Apple cider, specifically hard apple cider, is often an overlooked tour option when considering the numerous “adult beverage” tours that are available in and around the Asheville area. We get it, the sheer number of breweries, not to mention some urban wineries and area vineyards, can definitely overshadow some of the more niche markets like cider and/or distilleries. We will get into the distilleries on another post but for this post, we want to focus on cider. Cider Houses in the Asheville area should not be overlooked!
Apples Have History in this Region
Apples have a very established history in the Asheville region of North Carolina. The charming town of Hendersonville, North Carolina, which is just about 30 minutes south of Asheville, is home to the North Carolina Apple Festival. It is also home to an estimated one million apple trees that are scattered throughout the region on various farms. Apples are a big deal in this area and have been for quite some time. The apples are not a result of the cider industry, the cider industry is a result of the apple industry and the long and rich history of the apple industry. This is somewhat of a nuanced issue but it makes a difference, a big difference, on the quality of the ciders when you have an established industry that has had 100+ years to perfect the process of producing quality apples. The area is also blessed with weather, soils, geography, and other factors that help create favorable conditions for growing great apples. In wine terms they would use the word terroir to encapsulate all of the aspects that affect the quality of the vine so you could kind of say that the Hendersonville area has good or favorable terroir for growing apples. It is kind of like Papa John’s and their pizzas when they say “Better Ingredients. Better Pizza“. This area of North Carolina can make a similar claim about their ciders – “Better Apples. Better Ciders” (if the cider industry ends up using this phrase, remember that you heard it here first!).
All Cider is Wine (But Not All Wine is Cider)
This is a fun saying and it is SOMEWHAT true. I often have this discussion with some of my friends who are wine nerds like me and it is always a fun discussion of whether or not it is a true statement. They always play the card that wine is technically supposed to be from grapes so we go back and forth on whether it is a factual statement. Cider and wine also have different ABV levels but….I am getting off topic…Where was I? Oh yes…Cider, however, is a lot like wine whereas both are a fermented fruit. Beer is also a fermented beverage but it is not a fermented fruit making wine and cider more similar to each other than cider and beer. That being the case, it would make perfect sense to include some cideries on an area wine tour. It would definitely increase the number of options for stops but it would also increase the flavor diversity of your day. And since we are on the topic of how cider and wine are similar, more similar than beer and cider, please allow me to digress for a moment…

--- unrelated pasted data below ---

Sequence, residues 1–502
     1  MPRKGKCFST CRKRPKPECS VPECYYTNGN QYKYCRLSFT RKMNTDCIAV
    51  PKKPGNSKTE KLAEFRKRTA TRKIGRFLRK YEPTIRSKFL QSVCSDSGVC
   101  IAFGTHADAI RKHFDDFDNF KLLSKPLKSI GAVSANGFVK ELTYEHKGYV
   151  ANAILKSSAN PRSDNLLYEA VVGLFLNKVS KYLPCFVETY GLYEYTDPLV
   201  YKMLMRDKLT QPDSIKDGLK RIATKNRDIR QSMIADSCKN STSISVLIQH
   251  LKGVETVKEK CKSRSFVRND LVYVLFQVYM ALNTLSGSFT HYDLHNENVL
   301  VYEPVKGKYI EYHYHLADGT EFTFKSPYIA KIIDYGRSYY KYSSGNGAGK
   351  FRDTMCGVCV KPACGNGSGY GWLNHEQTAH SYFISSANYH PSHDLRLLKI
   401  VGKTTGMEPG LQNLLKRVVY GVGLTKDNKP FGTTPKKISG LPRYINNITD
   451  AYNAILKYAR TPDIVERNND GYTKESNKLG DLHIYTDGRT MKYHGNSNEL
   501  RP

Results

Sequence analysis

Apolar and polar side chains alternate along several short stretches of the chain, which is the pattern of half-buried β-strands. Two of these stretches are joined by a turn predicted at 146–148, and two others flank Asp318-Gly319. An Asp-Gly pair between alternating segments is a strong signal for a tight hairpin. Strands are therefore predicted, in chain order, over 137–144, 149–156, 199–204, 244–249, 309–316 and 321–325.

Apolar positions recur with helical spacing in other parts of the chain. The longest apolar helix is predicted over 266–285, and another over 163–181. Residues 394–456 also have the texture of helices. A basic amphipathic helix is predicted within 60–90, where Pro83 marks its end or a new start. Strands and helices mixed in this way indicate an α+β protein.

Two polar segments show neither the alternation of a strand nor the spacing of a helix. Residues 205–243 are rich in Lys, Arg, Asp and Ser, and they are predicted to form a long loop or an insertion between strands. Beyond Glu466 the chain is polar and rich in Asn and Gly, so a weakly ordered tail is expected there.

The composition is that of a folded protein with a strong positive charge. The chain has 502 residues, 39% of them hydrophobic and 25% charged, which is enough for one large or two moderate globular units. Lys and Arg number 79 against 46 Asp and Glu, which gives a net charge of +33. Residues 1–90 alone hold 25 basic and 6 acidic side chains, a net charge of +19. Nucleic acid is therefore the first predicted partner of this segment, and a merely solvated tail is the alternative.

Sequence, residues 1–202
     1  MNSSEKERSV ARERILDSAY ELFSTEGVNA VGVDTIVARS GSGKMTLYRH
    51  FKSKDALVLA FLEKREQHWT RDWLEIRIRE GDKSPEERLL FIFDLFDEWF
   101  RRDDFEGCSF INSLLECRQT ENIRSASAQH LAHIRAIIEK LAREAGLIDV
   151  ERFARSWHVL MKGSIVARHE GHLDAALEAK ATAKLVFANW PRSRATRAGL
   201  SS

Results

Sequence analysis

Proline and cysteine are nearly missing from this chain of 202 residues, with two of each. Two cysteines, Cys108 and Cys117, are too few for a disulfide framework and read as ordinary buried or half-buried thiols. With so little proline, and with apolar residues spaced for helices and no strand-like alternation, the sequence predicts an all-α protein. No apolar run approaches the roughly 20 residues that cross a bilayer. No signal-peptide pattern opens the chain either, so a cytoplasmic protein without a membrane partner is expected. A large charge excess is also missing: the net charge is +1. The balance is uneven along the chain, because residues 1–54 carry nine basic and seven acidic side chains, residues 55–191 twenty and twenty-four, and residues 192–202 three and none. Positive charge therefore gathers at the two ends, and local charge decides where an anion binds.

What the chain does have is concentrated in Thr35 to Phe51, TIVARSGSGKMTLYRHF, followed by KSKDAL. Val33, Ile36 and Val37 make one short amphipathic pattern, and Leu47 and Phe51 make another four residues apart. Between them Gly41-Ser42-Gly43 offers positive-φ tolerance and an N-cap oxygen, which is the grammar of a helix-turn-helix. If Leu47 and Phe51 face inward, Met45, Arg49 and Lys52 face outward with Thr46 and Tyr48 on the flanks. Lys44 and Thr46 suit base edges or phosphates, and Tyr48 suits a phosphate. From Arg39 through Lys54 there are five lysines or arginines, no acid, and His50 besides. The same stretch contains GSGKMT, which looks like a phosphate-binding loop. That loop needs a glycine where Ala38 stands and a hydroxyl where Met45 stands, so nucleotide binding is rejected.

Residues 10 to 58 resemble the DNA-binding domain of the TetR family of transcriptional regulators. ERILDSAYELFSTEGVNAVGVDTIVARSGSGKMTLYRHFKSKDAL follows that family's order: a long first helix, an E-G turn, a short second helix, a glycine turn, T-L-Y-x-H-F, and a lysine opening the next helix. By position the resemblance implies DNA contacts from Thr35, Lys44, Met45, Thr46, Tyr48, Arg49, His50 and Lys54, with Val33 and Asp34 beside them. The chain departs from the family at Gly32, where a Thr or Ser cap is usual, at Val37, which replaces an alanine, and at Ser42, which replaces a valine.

Why do people drink ciders like they are drinking a beer? If cider is so much like wine shouldn’t it be enjoyed from fancy stemware like wine? With wines, most of the flavor is experienced through your sense of smell so the stemware/glass is extremely important to your overall experience and enjoyment of the wine. No serious drinker of wine would consider drinking wine from a can or a pilsner glass. It would completely change the flavor of the wine. A can, for example, would destroy the flavor as it would deny your nose what it needs in order to experience the best flavor of the wine. Yet people drink ciders out of cans and/or glasses like they are a drinking a beer. I personally think that your experience would be so much better if the proper style of glass were used in the enjoyment of cider. Okay, I have vetted my thoughts on this matter. We can go back to the article now.
The Cider Industry in Western North Carolina is Booming!
The whole reason I am bringing up the topic of cider houses is because the industry is booming in the Asheville area. We are not talking about just one or two cider houses, there are a lot of them and the number is growing. I would suspect that this number is growing partly because of the first issue I brought up. It is a lot easier to start a business when there is a solid supply of raw materials, in this case, apples. There are also some big players, like Bold Rock, that have setup shop in the area. There are enough cider houses in the region that are close enough together where you could have an Asheville cider tour, much like you have an Asheville wine tour or Asheville beer tour. It’s a thing now!
The Ciders are Good!
I have been eluding to this topic throughout the entire article but it needs it own topic and it needs to be said. The ciders in Western North Carolina are good. Very good! You won’t be disappointed if you visit them and you should really make it a point to either fit them into your schedule if you are visiting or find a day to visit them if you are a local. Make it happen!
Anytime you are going to visit and experience an establishment that serves alcoholic beverages make sure you are enjoying everything responsibly. An easy way to do this is to hire a tour/transportation company like Van in Black to handle the driving for you and your group. We can not only take care of the driving but we can also help suggest an itinerary for you if you want to visit multiple cider houses. We have a large fleet of luxury vehicles, including limousine vans, that can get you there safely and in style. Book your Asheville Cider Tour today!